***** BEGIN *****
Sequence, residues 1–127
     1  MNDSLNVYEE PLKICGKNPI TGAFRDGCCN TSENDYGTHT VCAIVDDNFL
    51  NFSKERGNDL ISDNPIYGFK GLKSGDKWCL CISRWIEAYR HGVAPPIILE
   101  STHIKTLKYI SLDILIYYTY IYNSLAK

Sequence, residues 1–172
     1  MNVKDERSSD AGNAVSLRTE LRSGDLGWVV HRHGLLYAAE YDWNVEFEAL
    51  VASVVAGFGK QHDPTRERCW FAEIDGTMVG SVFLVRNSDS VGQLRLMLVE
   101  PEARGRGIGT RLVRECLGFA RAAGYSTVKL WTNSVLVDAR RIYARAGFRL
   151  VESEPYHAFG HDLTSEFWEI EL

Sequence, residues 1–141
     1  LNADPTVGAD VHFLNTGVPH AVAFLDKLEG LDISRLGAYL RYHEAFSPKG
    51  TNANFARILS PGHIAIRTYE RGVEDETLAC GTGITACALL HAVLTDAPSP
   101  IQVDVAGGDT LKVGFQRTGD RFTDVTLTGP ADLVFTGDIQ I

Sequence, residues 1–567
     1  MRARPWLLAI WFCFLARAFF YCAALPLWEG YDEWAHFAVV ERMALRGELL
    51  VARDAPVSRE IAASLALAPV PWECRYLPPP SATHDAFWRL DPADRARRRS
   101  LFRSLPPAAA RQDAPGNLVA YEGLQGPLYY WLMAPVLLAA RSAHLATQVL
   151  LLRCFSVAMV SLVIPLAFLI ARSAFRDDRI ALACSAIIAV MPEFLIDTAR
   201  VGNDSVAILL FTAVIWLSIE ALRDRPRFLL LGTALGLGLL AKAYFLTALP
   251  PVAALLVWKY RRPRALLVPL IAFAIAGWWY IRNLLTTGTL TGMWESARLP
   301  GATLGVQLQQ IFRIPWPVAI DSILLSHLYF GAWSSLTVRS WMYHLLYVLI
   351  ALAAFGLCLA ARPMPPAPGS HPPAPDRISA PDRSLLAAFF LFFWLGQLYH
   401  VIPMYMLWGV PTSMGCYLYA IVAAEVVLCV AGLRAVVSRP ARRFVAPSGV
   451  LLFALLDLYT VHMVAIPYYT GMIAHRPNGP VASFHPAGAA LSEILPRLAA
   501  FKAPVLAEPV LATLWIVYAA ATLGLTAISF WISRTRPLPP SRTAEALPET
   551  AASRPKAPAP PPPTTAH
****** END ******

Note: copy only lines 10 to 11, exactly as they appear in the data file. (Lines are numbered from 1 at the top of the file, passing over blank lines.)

Sequence, residues 1–141
     1  LNADPTVGAD VHFLNTGVPH AVAFLDKLEG LDISRLGAYL RYHEAFSPKG